Bank logic

Finweek English Edition - - Openers -

ABOUT A YEAR or two ago – when share prices were still do­ing well and banks were only too keen to lend money – crafty share­hold­ers turned to Safex for loans. Lit­tle col­lat­eral was re­quired and the in­ter­est wasn’t bad. For years, it was the custom in bank­ing that you could bor­row money against listed shares. Bank man­agers were pre­pared to ad­vance 50% of the mar­ket value of the shares.

How­ever, with sin­gle stock fu­tures (SSFs) it was pos­si­ble to con­vert more than 80% of the value of your shares into cash and still have the ben­e­fit of any in­crease in the share price – of course, any fall in the price was also for your pocket. But no­body thought about that last year.

Sev­eral direc­tors made use of that, es­pe­cially where the com­pany was fond of buy­ing other as­sets with its own pa­per. The trans­ac­tion by Dave van Niek­erk, of Blue Fi­nan­cial Ser­vices (BFS), in Au­gust last year is a good ex­am­ple. Blue had de­cided to take over Credit U Hold­ings and of­fered the com­pany R278m in the form of 51,5m BFS shares at 540c/share.

The own­ers of Credit U in­di­cated they’d also like to see some cash. Van Niek­erk of­fered to buy half the BFS shares – 25,7m. But where to find the cash? So Van Niek­erk bought 31m BFS shares on Safex through an SSF and the party on the other side of the trans­ac­tion bought 31m shares from Van Niek­erk on the cash mar­ket.

Van Niek­erk was happy: he had enough money to pay for the 25,7m shares that Credit U didn’t want and he still had his 31m shares, even though it was in the form of a con­tract to buy them in the fu­ture at 668c.

The bank was happy: it had 31m shares to hedge the right it had sold – the so-called SSF – against a rise in Blue’s share price. Built into the trans­ac­tion was also an in­ter­est profit for the bank.

But then the share prices started fall­ing. That of Blue as well – and quickly – from 668c to the cur­rent 350c/share. Van

Niek­erk was un­der pres­sure from two sides. Re­mem­ber: he’s obliged to buy the 31m shares at 668c. His bro­ker and its clear­ing bank want a vari­a­tion mar­gin to make up the loss be­tween 668c and the cur­rent mar­ket price.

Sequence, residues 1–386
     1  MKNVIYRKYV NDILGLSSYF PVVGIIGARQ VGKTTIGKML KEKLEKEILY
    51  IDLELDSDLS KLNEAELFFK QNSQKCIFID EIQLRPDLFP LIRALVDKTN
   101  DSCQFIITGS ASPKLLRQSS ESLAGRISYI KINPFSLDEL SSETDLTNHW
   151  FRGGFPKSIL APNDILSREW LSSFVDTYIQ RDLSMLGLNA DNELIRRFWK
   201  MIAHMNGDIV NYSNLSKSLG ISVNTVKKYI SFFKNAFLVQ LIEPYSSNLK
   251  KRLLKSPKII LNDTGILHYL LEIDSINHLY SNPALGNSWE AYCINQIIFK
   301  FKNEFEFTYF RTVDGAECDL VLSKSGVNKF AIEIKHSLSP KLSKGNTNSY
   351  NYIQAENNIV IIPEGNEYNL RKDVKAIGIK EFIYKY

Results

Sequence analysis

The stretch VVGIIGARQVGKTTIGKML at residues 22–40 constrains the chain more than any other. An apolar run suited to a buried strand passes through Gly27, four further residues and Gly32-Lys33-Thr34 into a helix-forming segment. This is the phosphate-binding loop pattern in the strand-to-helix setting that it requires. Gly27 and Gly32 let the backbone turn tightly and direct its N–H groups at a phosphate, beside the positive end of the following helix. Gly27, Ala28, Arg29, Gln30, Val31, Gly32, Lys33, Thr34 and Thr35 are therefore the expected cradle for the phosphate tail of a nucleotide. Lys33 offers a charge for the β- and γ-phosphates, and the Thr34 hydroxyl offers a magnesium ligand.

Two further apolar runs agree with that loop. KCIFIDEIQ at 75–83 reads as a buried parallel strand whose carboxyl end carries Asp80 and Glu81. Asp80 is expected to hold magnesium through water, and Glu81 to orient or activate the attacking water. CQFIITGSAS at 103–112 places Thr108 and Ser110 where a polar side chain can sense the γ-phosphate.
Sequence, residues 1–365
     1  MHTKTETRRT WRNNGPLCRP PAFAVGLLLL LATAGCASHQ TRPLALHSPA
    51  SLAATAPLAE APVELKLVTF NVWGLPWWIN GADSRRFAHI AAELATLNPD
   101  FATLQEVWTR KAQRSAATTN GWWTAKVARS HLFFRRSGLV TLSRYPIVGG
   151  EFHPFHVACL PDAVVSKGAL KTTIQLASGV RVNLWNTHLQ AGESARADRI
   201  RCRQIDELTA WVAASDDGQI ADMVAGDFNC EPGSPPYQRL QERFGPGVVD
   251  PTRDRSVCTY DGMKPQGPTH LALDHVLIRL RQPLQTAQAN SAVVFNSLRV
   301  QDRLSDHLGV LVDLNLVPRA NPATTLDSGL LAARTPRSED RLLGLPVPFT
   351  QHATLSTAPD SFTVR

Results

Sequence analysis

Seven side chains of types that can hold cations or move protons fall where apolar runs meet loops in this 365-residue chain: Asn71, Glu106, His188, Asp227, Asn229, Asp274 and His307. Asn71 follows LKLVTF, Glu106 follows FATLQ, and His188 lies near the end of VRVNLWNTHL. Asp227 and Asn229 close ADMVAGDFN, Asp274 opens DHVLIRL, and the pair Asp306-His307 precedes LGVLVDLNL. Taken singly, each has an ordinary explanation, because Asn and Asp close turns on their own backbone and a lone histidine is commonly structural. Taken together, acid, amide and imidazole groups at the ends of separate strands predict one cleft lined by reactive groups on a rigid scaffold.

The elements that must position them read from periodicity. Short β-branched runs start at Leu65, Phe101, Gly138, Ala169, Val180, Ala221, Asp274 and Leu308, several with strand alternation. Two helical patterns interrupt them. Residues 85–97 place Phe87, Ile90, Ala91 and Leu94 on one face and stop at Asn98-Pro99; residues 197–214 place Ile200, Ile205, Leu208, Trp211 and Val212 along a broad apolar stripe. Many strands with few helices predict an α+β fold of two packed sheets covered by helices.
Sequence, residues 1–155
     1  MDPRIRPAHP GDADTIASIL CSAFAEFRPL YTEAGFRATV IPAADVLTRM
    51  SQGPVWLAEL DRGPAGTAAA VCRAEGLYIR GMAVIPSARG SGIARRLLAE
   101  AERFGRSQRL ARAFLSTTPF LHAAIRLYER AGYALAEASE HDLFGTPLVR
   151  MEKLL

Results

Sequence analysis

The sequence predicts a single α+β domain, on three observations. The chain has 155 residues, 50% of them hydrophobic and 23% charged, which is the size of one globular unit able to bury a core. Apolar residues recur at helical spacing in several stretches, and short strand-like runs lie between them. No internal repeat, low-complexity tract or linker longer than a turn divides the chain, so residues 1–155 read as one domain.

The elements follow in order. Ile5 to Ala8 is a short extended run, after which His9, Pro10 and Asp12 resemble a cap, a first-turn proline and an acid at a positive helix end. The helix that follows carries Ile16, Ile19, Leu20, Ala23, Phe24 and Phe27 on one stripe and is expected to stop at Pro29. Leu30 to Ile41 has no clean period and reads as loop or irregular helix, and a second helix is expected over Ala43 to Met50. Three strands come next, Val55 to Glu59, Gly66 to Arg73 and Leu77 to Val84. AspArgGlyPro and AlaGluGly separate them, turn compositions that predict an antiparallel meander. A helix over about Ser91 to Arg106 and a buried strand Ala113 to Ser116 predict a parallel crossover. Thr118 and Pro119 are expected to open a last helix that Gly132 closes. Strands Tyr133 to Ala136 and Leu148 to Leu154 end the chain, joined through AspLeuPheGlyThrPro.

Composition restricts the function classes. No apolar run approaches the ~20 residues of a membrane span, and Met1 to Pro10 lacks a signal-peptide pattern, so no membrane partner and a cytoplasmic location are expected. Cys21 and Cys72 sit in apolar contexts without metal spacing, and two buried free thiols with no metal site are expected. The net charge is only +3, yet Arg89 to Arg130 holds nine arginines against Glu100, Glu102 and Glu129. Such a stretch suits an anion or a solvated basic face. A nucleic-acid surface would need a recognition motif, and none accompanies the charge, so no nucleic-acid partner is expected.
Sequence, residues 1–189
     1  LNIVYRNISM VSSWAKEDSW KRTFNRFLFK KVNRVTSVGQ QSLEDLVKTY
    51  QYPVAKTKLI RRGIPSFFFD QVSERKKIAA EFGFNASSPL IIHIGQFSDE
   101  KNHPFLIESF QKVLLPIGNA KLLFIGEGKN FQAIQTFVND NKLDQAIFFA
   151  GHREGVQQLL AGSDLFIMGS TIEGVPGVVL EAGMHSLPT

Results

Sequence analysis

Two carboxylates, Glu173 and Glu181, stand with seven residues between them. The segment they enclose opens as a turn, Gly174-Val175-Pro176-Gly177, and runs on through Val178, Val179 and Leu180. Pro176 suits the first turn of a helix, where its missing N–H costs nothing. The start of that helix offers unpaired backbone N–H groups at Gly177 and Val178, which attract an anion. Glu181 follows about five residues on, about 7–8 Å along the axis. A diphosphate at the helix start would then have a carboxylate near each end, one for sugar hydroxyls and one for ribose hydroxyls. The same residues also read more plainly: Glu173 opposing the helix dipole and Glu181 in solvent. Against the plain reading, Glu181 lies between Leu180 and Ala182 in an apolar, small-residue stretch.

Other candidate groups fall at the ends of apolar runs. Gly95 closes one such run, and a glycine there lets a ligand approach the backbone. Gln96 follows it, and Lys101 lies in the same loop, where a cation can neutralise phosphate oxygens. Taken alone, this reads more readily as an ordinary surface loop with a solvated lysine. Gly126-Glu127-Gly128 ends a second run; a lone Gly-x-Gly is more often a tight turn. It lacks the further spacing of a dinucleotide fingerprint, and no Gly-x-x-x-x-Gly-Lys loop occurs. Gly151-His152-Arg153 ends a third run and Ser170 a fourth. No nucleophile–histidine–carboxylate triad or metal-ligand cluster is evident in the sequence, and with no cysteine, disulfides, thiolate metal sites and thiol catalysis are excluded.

At the same time, the value of the 25,7m BFS shares bought from Credit U was also fall­ing. That’s enough to snap the string in any bow.

But that wasn’t the only trans­ac­tion in BFS. Last week, Absa had to take over 95,9m Blue shares – that’s 16% of the com­pany – when Cor­tex could no longer col­lect the vari­a­tion mar­gin. Absa isn’t very im­pressed with the in­vest­ment and it says it’s only hold­ing it as stock to sell again as soon as pos­si­ble.

That’s what clever think­ing got out of Absa. If Van Niek­erk had sim­ply gone to his bank man­ager in the nor­mal way to bor­row money against Blue shares, he’d have needed at least dou­ble the cover. Even more, as Blue isn’t re­ally one of the top 100 JSE com­pa­nies. How­ever, the smart dealers at the fu­tures tele­phone thought dif­fer­ently and man­aged in a dif­fer­ent way to ad­vance Van Niek­erk 80% of the value of the shares.

Banks ap­par­ently cur­rently want four times cover for loans against listed shares, even if their prices are now 50% lower, and at least 10% de­posit on a house.

At the top of the cy­cle, when shares were much more ex­pen­sive, banks gave 80% ad­vances on shares and up to 107% on the buy­ing price of a house. Now that prices have fallen con­sid­er­ably they’re giv­ing less. If you un­der­stand that logic you re­ally should buy your bank’s shares.

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